ANIMAL MODELS HAVE NEVER BEEN A PERFECT STAND-IN FOR HUMANS, but their use took a giant step forward with CRISPR and other genetic manipulation technologies (“Made to Measure,” Fall 2016). The techniques made it much easier to replicate human disease mutations in laboratory animals.

That development has particularly benefited cancer research. Tumors show a wide range of genetic diversity—too wide to replicate easily through traditional breeding techniques—but the new tools have made it possible to engineer features of a single tumor into a mouse. A “co-clinical trial” then can try out a new medication in the mouse first; if it is successful, the same treatment can be given to the human patient.

Mice in that scenario might even be replaced by Drosophila melanogaster, the common fruit fly. A team led by Ross Cagan, a developmental and cancer biologist at Mount Sinai Hospital in New York City, used a fruit fly approach to discover an effective treatment for a patient with metastatic colorectal cancer. The results of the trial appeared in the May 2019 issue of Science Advances.

The team first sequenced the man’s primary tumor and identified mutations that might be fueling its growth. Then the researchers narrowed the field to nine mutations within the tumor, and engineered those nine mutations into a generation of fruit flies.

While the flies were still larvae, they had various treatments mixed in with their food. They received a nutrient mixture that was either plain or mixed with one of 121 drugs that have been shown to have some kind of antitumor effect.

On all of these regimens, fewer than 20% survived. But when researchers tried combining drugs, one pair—a cancer drug and a drug traditionally used for osteoporosis—saw survival rates for the flies triple in some cases. When this combination was administered to the patient, his tumors shrank by 45% and stayed that way for the next 11 months, although new resistant lesions eventually did emerge.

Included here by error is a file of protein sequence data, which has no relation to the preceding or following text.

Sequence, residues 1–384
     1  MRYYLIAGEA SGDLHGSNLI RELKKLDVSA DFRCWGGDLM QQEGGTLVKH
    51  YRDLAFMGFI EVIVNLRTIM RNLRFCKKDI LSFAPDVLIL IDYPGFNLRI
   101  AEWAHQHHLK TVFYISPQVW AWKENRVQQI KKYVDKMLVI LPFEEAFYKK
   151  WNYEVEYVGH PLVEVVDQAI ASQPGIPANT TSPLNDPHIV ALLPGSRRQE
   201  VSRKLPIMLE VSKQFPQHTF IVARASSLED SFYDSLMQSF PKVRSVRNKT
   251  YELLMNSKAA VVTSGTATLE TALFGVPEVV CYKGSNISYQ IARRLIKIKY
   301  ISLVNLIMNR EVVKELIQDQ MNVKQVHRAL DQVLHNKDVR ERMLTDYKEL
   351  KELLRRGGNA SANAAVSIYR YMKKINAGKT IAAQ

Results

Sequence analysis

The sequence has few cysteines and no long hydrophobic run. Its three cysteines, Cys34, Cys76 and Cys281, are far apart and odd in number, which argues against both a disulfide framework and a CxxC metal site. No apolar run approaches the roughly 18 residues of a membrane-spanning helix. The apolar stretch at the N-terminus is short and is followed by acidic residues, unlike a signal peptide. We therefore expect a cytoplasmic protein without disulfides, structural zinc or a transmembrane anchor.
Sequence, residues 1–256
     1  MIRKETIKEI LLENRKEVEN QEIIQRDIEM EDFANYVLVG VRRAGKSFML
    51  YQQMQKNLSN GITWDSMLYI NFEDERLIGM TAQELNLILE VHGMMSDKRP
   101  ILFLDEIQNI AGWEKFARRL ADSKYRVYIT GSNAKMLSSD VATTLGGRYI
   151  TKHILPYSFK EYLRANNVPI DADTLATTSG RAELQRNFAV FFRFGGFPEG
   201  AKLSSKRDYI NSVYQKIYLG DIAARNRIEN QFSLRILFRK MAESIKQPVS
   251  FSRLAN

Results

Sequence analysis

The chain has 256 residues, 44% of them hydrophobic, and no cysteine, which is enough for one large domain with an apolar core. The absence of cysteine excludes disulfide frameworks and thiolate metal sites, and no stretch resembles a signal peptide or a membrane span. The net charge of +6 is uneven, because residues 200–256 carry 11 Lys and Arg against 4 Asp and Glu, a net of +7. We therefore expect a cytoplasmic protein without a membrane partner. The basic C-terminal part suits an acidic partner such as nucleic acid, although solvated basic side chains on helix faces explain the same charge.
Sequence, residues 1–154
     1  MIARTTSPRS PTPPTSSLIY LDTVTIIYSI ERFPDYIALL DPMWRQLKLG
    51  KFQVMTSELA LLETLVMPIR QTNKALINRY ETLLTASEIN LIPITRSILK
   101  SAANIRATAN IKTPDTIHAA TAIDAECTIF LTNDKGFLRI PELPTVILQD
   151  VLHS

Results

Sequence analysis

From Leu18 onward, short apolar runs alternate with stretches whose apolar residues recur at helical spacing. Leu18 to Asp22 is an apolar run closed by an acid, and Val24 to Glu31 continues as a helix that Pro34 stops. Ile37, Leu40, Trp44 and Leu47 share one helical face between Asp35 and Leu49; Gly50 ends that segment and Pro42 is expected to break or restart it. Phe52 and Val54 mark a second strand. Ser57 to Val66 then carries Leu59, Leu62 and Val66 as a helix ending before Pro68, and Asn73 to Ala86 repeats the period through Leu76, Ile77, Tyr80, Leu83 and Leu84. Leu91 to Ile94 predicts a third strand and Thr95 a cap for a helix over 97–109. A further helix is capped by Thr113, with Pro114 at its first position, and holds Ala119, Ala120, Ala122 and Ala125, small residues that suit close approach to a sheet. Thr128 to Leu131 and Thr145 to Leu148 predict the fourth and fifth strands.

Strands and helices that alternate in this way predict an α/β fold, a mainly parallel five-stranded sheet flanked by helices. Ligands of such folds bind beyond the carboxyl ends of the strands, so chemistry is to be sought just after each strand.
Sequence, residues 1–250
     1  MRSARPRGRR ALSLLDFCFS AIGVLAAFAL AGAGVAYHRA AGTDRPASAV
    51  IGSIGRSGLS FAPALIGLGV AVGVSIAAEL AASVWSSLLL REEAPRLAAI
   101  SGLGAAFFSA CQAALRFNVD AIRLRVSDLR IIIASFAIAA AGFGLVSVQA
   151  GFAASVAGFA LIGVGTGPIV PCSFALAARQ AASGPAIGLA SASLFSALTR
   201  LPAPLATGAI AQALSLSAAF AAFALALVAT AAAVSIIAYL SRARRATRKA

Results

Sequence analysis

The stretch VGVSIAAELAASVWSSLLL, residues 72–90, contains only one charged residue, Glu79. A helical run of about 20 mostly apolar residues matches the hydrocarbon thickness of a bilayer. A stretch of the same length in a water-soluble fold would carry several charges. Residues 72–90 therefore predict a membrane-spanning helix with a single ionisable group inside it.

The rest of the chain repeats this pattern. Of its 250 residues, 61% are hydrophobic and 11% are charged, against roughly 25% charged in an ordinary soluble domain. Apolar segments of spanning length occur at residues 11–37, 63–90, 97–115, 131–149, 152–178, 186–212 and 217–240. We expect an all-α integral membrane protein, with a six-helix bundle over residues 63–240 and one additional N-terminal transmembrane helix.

A fruit fly may seem a poor stand-in for a human patient, but roughly 75% of human disease-causing genes have a functional counterpart in the fly, according to Norbert Perrimon, a geneticist and developmental biologist at the Broad Institute of MIT and Harvard. Drosophila has been used since the early 1900s to study human diseases, including cancer. “The signaling pathways involved in cancer are conserved in fruit flies,” he says. “And in fact many components of these pathways were first discovered in the fly.”

A London company, My Personal Therapeutics, is trying to make this approach widely available. For each patient, the company engineers five to 20 mutations into about 400,000 flies (called “fly avatars”). Then it laces the flies’ food with each of about 2,000 FDA-approved drugs, alone and in combination, including both traditional chemotherapy agents and others with reported antitumor effects. When there is a match—a fly given a particular drug lives much longer than expected—the company replicates the drug screen eight times to make sure the observed effect holds up.

Flies have several advantages over mice in cancer research. “In mice or rats, we can generate only two or three mutations and it takes a year or more,” says Nahuel Villegas, chief scientific officer of My Personal Therapeutics. “In flies, we can create 20 mutations in a month and a half and can activate them all at the same time to recreate the patient’s tumor.” That greater number of mutations more accurately reflects the complexity of real-world tumors, he says, which are typically driven by a dozen or so key mutations. In addition, hundreds of thousands of flies can be handled in a small room and, compared to other models, they eat very little. Because they require only minute doses of drugs, they offer a significant cost benefit when expensive cutting-edge therapies are on the menu.

But the process of testing treatments in this way is still labor intensive, and even with the short reproductive cycles of the flies, agonizingly slow. “One challenge is to build the avatar and perform the screen fast enough to deliver a treatment,” Perrimon says. Currently the whole process can take four or five months, but the company aims to shrink the timeline to weeks.

My Personal Therapeutics is now offering its technology commercially to patients worldwide, with a focus on colorectal and GI cancers, and is conducting multi-center clinical studies. Though the company is banking on the success of avatars, its ultimate aim is to build a “flybrary” of data showing which treatments may be successful therapies for patients with particular mutations. The company hopes that future patients will be able to get treatment recommendations based on what worked for previous patients—rather than getting their own personal swarm.